for supporting all student queries, whether financial, adminis-
trative, or academic. Student issues are never “someone else’s
There are two primary staff members who spend significant
face time with students each week (e.g. during Study Time),
providing mentorship, encouragement, and advice. The CSin3
Program Coordinator manages CSin3 student enrollment and
registration, distributes financial aid, manages payroll for tutors
and faculty funded by related grants, and leads recruitment.
The Computer Science Education Coordinator provides aca-
demic support throughout the pathway, tracking the academic
progress of CSin3 students, managing academic interventions
such as tutoring assistance, and leading enrichment sessions.
TUTORING AND PEER-LED TEAM LEARNING
Tutoring for challenging courses provides another layer of academic support for CSin3 students. Tutors are hired through the
tutoring centers at Hartnell and CSUMB, and are directed to
hold hours at times and locations convenient to CSin3 students.
Attending tutoring is not mandatory, although it becomes so if
a student is at academic risk. To improve both their general tutoring skills and pedagogical content knowledge about how to
tutor their topic, tutors participate in weekly training sessions
overseen by the CS Education Coordinator.
Because of the importance of building foundational programming skills early on, a more robust academic support
structure has been created around the first two programming
courses in the CSin3 pathway. The core of this structure is Peer-Led Team Learning (PLTL) [ 23], where students in more senior
cohorts are trained as Peer Leaders by the CS Education Coordinator, and guide first-year students through collaborative
problem sets for 1. 5-2 hours weekly.
What happens in classes alone is not enough to prepare students for industry, both academically and professionally. CSin3
students attend a weekly three-hour Friday Cohort Enrichment
session in their first year. In the first semester, this session covers cohort culture, incorporates team-building, reviews CS1
programming fundamentals, and develops study skills like time
management and test-taking strategies. In the second semester,
this session covers more CS1 programming fundamentals, as
well as career exploration exercises, resume information, and a
walk-through of a sample side project. In the second and third
years, CSin3 students attend weekly Above and Beyond Computer Science sessions, located at CSUMB, which cover professional preparation skills like resume-building and technical
interview preparation. These enrichment sessions are open to
all CSUMB computer science students.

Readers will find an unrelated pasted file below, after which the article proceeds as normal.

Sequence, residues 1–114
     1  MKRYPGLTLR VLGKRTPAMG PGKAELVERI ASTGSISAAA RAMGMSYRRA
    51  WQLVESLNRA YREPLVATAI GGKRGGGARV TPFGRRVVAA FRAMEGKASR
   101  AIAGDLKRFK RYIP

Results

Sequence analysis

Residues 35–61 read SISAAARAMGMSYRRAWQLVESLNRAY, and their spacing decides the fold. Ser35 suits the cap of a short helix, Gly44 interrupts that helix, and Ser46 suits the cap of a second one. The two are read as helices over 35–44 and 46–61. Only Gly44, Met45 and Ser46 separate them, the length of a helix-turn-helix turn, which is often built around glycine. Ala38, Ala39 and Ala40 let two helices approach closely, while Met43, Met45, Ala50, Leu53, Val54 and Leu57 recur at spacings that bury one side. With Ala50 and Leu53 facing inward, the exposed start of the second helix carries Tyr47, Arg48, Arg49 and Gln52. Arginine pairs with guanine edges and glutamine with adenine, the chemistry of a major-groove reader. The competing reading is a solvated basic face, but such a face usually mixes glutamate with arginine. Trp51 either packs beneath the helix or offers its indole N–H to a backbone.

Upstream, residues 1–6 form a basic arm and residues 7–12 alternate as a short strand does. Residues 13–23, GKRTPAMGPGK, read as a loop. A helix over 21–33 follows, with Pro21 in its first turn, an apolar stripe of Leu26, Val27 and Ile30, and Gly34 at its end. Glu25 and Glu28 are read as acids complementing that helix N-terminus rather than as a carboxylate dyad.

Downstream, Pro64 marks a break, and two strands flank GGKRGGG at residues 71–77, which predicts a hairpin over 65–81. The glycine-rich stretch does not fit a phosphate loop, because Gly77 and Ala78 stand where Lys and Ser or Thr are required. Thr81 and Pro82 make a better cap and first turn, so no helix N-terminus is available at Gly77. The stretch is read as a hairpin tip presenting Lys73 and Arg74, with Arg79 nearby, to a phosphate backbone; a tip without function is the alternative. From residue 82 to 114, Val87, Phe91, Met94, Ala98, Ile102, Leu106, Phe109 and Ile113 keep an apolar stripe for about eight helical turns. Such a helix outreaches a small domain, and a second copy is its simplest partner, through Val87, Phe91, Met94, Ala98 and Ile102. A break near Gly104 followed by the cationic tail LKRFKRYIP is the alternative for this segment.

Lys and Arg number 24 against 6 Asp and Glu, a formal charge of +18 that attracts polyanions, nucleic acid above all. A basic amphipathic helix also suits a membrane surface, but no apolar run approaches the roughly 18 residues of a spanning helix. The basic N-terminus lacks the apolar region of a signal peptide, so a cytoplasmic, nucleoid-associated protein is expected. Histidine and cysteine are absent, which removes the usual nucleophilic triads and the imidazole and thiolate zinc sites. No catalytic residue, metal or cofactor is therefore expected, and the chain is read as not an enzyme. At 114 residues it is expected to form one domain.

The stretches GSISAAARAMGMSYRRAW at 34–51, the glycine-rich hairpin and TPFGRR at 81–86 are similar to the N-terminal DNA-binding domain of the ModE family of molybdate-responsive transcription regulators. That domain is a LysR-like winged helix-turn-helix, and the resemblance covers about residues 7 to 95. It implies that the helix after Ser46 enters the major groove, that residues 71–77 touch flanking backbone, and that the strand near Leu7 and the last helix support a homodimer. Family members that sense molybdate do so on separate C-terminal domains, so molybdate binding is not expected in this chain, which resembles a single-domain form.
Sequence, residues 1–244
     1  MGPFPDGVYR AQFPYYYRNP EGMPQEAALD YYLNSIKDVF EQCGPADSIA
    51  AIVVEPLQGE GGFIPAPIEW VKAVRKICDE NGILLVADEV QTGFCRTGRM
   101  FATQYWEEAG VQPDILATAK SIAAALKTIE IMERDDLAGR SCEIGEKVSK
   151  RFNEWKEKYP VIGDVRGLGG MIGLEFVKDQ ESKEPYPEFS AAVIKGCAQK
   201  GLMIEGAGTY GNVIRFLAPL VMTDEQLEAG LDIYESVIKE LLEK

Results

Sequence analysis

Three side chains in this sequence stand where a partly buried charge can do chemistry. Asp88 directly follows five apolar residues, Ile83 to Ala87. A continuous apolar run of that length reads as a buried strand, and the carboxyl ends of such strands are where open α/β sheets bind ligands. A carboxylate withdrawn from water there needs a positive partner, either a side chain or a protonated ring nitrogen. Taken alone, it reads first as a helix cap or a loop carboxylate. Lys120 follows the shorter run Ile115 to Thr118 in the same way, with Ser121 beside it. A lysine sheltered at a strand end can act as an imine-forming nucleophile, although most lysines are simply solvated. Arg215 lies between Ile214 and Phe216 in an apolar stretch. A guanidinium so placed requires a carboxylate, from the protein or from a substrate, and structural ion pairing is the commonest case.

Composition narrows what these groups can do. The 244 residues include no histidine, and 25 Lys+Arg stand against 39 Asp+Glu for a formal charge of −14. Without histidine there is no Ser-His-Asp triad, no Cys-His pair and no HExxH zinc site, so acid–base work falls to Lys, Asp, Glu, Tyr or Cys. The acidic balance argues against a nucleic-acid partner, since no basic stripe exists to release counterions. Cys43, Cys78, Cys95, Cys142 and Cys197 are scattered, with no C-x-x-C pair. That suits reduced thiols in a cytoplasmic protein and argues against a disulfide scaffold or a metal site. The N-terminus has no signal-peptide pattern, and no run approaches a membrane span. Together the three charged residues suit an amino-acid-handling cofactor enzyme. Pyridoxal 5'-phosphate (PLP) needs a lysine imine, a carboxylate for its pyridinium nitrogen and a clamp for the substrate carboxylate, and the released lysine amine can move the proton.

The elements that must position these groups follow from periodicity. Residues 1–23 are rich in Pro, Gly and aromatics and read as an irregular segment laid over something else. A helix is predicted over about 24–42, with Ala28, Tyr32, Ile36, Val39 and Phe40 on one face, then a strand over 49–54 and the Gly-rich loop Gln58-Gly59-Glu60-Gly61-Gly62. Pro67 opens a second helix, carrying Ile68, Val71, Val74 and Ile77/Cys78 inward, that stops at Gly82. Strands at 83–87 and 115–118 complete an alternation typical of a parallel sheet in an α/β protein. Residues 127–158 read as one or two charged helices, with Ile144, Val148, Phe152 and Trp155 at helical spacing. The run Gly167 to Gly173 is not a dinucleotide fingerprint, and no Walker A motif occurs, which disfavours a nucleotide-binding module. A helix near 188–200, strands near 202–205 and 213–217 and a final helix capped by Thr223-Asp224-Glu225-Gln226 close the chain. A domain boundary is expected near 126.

Having an internship is a key qualification for many computing
jobs, however, first-generation college students, traditionally
underrepresented minority students, and transfer students are
less likely to complete an internship than their peers [ 18]. Be-
ate about CSin3 should be considered, regardless of their rel-
ative qualifications. Qualified students interview with a small
panel of faculty and staff, which provides an opportunity to
ensure applicants understand how CSin3 differs from a typical
college experience and to ensure that students are truly inter-
ested in computer science. Cohort members are conditionally
admitted and required to attend Math Intensive classes, regard-
less of prior math preparation. Active participation in Math In-
tensive is a secondary selective measure for grit and dedication
MATH INTENSIVE AND SUMMER PREPARATION
The need for supplemental support to become math and English ready became evident from the very first recruits into
CSin3. This need for remediation is in line with national trends,
which show that as high as 60% of college students need math
remediation and 28% need English remediation–rates nearly
twice as high as those at four-year public institutions (32% and
10% respectively) [ 25].
During spring semester, a high school mathematics teacher and undergraduate tutors conduct weekly Math Intensive
sessions Saturdays at Hartnell College. Students work through
Khan Academy’s adaptive online curriculum [ 1]. Instructors
monitor student progress via an online dashboard, and students are required to complete a certain number of hours each
week or risk their spot in the cohort. Math Intensive supports
a shift in expectations towards the full-time college workload
Summer Bridge takes place a few weeks before the start of
CSin3 students’ first semester in the program. Led by faculty
and staff from the CSin3 team, the focus is on building cohort
culture, setting expectations about coursework, and giving students a soft introduction to programming and computer science. A letter advising parents of the heavy time commitment
of CSin3 is distributed in both Spanish and English.
STUDY TIME AND PHYSICAL ENVIRONMENT
Comfortable study space on campus is crucial for CSin3 students, who typically live at home and lack a quiet study environment there. Mandatory “Study Time” of 5-8 hours per week
builds the habit of studying on-campus.
ACCESS TO AND RELATIONSHIPS WITH STAFF
Typically, institutions wait for students to reach out for help,
and they expect students to know where to go among many
distinct departments. First-generation college students not only
face more difficulties understanding the type of help they need,
but are also more likely to attend institutions with higher ratios
of students to staff.
In CSin3, staff members serve as an API layer on top of the
institution, listening to student issues and then guiding students or directly communicating with the correct department
for support. This “one-stop-shop” approach takes responsibility